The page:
The third change related to internationalization of the economy is not of such recent origins. Its beginnings can be traced to the period following the end of World War II and it continues, not without fluctuations, up to the present day. Empirical data indicates that product exports increased as a percentage of GNP in the developed countries from 8% in 1950 to 16.5% in 2000 (Bairoch 2000: 202; UNCTAD 2003). Similarly, the  inward stock of direct foreign investments increased as a percentage of GNP in the developed western countries from 6.9% in 1960 to 15.8% in 1999 (Bairoch 2000: 209; Anastasopoulos 2003: 182). This development suggests that the peaceful period following World War II coincided with resumption of the internationalization process that had been interrupted by the outbreak of World War I.

The fourth change results from the three previously mentioned ones. Reconstitution of the imperialist chain, continuing internationalization of the economy, the retreat of labour, left-wing and anti-imperialist mobilization, all contribute to creating the specific historical framework within which capital attempts on the one hand to reverse the fall in profitability brought about by the over-accumulation crisis of 1973 and on the other to abolish or restrict the social rights acquired by labour over the preceding decades. 

This strategy is put into effect through the functions of the capitalist state, which is not neutral but permeated by class struggle, readjusting its strategy in the light of developments and aiming always at perpetuation of the long-term interests of capital. This is its role and its mission, springing from its very nature. It is not something that just happens, accidentally, or incidentally. The state becomes internationalized[6] because this is the way it can respond to the social interests that, structurally, it represents. From the moment that the indigenous ruling class judges that the process of internationalization of the state does not serve its interests, the state will cease to be internationalized. What is involved is thus not an irreversible course of development that the physiognomy of the state must undergo, but a development that is socially and historically determined. It is for this reason that such important differences are observable in the state policies that are being pursued. They are the outcome of class struggle, and they accelerate or delay the present-day class strategies that are unfolding.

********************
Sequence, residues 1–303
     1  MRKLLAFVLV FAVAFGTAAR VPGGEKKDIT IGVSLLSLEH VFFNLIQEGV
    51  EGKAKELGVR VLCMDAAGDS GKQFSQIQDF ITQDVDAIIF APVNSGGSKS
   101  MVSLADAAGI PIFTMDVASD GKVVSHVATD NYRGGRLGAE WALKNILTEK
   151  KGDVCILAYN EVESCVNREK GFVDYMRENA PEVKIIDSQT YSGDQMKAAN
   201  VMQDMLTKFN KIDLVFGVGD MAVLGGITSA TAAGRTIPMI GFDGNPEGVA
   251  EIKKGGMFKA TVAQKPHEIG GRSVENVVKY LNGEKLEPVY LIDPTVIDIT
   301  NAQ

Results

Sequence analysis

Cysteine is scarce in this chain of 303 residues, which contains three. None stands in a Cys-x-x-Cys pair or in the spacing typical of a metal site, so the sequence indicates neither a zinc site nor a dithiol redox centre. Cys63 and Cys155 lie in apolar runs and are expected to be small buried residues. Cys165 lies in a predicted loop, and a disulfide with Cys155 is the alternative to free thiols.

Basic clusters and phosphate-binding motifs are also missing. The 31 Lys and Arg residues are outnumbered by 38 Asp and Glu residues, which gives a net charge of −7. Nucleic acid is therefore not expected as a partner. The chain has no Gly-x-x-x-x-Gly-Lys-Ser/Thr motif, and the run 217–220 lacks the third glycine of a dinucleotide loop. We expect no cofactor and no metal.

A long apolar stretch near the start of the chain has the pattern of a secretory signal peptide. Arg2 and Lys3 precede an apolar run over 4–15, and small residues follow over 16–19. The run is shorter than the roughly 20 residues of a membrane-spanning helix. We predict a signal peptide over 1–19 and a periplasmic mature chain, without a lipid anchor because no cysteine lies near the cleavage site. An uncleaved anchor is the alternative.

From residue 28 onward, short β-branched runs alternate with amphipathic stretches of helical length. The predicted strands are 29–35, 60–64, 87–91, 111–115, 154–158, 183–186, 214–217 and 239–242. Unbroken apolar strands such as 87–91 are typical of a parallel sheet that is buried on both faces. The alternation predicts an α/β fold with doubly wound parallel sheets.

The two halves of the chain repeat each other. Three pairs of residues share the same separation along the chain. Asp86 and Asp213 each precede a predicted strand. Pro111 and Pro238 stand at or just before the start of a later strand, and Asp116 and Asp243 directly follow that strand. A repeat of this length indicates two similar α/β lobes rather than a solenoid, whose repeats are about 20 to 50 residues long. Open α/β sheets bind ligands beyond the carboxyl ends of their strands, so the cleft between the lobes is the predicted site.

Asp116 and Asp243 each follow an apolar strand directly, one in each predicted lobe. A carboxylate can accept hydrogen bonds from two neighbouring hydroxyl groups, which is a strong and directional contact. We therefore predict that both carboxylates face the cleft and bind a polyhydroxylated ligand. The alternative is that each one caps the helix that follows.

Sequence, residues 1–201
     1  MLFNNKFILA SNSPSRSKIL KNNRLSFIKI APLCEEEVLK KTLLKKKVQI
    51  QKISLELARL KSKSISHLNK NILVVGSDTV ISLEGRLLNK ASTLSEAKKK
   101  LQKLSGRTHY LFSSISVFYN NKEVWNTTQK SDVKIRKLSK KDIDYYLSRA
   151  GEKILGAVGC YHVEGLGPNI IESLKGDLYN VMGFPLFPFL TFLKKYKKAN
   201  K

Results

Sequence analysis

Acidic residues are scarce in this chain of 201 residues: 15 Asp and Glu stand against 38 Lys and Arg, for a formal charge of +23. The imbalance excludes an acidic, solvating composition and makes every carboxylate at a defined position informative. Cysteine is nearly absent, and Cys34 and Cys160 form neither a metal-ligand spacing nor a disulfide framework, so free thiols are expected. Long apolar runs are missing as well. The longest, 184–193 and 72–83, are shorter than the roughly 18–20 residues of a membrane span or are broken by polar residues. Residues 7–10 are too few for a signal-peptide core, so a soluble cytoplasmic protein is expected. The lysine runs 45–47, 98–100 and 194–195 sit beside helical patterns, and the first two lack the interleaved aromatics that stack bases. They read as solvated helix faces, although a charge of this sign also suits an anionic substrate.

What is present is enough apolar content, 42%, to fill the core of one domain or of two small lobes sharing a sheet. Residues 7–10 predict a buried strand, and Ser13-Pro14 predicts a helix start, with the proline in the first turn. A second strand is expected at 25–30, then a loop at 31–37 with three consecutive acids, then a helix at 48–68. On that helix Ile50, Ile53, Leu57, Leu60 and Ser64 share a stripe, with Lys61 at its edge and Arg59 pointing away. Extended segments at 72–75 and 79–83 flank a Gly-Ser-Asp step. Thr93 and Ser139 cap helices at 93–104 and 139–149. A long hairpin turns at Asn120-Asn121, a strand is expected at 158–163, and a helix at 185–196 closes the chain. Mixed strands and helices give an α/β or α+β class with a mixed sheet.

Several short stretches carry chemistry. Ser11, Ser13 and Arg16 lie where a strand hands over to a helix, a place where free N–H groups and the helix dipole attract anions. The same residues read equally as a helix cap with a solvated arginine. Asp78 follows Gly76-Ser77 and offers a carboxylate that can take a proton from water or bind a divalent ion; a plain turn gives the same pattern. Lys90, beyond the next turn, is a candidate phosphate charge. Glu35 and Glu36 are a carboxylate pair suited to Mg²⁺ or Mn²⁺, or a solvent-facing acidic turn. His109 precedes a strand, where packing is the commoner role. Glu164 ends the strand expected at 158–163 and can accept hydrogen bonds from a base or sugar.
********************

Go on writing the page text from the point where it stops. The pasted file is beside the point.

4. Special transformations in the policies and role of the modern State: from the interventionist state to the headquarters state

a. General framework

The distinguishing feature of the modern period is transition from the social state to the headquarters state. The social state intervened in various ways in the relationship between capital and labour, factoring in the – existent – popular struggles as well as the pressure exerted de facto by the existence of the regimes of ‘really existing socialism’ and the anti-imperialist movements. The changes described in the previous paragraph introduced new parameters  into the situation, facilitating the rise of the headquarters state. This is the state form that, on the one hand, surrenders to the private sector part of the economic functions it has until recently exercised, on the other focuses its activities on planning policies to help shift the balance of power in favour of the forces of capital. The changes that take place in a number of functions of the state reflect this shift in the balance of power.